Friday, May 2, 2014

UCSC Students Reflect on Labor Struggles, Continue to Resist Napolitano at May Day Rally

While reflecting on a long year of labor struggles at UC Santa Cruz, students looking to the future continued to call for the resignation of UC president Janet Napolitano at the 'No 2 Napolitano' May Day rally held at the university on Thursday. The opposition of Napolitano is central to their fight for justice for workers, especially those who are undocumented. "Janet Napolitano comes from the federal government as the head of the Department of Homeland Security. She has not only deported two million people but she has also separated many families and brought fear into undocumented communities," an event announcement for the rally read. In addition to calling for Napolitano's resignation, students also called for the university to settle a fair contract with UAW 2865, the labor union that represents Graduate Student Workers, and for all charges against the UCSC 22 to be dropped.

May Day is International Workers Rights Day. Since 2006, the workers holiday and day of activism has also become focused on international immigration justice.

At the UC Santa Cruz rally, individuals spoke at Quarry Plaza, and a small group also worked on a decorating a large new banner that read "Education Not Exploitation." One undocumented student spoke about her experiences at UCSC, and several other students spoke about relatives who were undocumented and how it affected their education.

Michelle Glowa, a graduate student and one of UCSC's contract negotiators for UAW, spoke and began by highlighting the most recent victory for workers at the university.

Graduate Student Worker Michelle Glowa of UAW Local 2865 speaks

"We just won the right on this campus to represent readers and tutors, so undergraduate students who are working are now going to be part of our union," Glowa said. "If you are working next year, come join us!"

Graduate Student Workers have been without a contract since September, and in addition to attempting to negotiate with the university over wages and health care, they are fighting for the rights of undocumented graduate students.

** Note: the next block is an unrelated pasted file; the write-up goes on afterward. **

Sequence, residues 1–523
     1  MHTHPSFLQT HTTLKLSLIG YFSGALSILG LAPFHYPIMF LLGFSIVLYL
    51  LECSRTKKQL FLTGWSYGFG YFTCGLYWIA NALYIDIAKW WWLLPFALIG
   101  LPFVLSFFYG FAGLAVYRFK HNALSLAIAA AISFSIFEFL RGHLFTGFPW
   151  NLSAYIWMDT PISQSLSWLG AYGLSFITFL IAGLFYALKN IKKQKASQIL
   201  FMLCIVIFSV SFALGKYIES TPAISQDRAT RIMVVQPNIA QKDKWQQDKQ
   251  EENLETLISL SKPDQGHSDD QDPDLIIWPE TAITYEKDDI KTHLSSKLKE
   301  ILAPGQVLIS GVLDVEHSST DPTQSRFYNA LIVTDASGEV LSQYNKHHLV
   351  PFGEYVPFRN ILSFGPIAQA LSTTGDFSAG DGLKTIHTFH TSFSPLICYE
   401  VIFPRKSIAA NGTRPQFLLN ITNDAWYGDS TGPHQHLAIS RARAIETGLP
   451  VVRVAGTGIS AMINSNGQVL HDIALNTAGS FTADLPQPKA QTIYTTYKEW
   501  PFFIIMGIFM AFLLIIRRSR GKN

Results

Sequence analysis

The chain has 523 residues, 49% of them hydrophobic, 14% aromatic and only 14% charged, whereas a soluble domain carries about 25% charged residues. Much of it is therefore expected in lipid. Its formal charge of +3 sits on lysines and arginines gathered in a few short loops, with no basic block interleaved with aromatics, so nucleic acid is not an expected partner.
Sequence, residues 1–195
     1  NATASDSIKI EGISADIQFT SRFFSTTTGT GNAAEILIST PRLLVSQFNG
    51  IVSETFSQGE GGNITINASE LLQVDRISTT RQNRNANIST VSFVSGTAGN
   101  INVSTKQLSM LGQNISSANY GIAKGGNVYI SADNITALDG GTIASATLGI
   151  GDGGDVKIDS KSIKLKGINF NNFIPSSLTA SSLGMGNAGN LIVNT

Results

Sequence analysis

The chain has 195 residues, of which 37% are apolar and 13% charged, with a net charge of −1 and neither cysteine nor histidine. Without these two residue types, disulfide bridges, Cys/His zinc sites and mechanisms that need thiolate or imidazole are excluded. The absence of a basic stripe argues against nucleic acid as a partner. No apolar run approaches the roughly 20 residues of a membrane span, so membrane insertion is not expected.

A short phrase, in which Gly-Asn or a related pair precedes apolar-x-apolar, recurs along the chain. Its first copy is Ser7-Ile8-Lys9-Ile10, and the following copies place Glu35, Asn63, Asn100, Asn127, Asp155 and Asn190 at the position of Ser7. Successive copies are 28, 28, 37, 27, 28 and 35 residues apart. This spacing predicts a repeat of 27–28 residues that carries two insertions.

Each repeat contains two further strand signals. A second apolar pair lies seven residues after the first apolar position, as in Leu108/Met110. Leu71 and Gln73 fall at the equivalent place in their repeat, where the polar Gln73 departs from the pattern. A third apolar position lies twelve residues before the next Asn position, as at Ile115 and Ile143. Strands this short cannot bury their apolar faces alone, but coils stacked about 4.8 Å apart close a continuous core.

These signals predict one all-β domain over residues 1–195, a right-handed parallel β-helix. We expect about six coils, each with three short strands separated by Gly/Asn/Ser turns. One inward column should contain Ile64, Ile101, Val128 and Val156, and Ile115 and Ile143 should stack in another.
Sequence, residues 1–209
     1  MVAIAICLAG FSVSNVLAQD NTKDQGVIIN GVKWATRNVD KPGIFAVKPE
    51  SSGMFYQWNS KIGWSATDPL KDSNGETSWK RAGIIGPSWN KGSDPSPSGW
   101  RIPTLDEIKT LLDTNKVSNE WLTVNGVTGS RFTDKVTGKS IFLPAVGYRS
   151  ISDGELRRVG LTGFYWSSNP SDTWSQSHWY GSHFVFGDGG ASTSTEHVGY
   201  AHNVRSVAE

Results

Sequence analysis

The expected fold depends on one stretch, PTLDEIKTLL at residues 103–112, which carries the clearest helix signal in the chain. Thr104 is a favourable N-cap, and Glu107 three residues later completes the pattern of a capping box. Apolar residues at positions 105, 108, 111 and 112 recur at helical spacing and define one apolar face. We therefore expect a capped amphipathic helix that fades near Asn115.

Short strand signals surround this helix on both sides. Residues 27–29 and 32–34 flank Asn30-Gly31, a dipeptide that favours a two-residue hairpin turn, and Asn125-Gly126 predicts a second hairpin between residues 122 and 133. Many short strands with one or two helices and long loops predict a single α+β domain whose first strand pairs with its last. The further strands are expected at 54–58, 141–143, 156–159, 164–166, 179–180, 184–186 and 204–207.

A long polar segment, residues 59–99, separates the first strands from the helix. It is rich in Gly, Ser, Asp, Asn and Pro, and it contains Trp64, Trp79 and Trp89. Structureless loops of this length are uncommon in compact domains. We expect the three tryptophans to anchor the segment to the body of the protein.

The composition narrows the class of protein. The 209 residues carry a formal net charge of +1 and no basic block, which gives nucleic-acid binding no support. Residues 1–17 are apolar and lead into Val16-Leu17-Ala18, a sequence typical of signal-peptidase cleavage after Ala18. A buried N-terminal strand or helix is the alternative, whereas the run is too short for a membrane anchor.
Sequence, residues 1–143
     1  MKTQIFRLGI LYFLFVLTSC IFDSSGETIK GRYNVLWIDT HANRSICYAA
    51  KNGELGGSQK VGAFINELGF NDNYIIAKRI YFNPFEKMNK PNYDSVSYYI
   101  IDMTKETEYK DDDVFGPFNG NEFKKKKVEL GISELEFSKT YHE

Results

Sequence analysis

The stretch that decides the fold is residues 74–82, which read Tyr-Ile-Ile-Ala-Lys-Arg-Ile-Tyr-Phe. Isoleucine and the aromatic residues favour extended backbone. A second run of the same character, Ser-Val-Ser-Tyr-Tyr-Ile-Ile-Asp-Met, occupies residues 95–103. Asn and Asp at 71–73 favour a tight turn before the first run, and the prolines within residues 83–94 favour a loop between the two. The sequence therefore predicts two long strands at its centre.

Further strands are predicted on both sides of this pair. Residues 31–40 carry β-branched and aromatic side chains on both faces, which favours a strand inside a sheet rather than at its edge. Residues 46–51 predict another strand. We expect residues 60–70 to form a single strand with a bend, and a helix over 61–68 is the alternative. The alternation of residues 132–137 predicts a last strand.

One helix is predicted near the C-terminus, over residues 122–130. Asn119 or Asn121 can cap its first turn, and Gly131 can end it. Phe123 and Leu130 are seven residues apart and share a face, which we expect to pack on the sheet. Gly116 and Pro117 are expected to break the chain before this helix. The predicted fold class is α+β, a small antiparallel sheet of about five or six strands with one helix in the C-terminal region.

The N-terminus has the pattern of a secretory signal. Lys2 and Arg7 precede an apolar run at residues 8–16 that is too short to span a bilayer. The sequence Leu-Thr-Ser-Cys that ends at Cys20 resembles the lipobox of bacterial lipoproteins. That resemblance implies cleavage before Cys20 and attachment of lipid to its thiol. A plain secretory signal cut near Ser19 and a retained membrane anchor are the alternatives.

"One of our biggest demands, that we will not settle a contract without making serious progress on, is the rights of undocumented graduate students," Glowa said.

She went on to explain how graduate students without documentation are asked to work without pay and that they are not able to work as Teaching Assistants, which is how most graduate students fund their education.

"When TA-ships are not accessible to graduate students without documentation, graduate school is not accessible because we have to be able to pay our way through school," she said.

Additionally, Glowa criticized Janet Napolitano for militarizing the UC Santa Cruz campus during the April 2-3 UAW strike where riot police were deployed. As a result, 22 students who were attempting to maintain a peaceful picket line were arrested. Glowa urged individuals to call campus provost Allison Galloway to demand all of the charges be dropped against the students, who are now known as the UCSC 22, before their arraignment on May 6 in Santa Cruz Superior Court.

Glowa concluded her remarks by emphasizing the need for students to say no to a, "racist, militarized university."

Duncan, who is one of the UCSC 22, speaks

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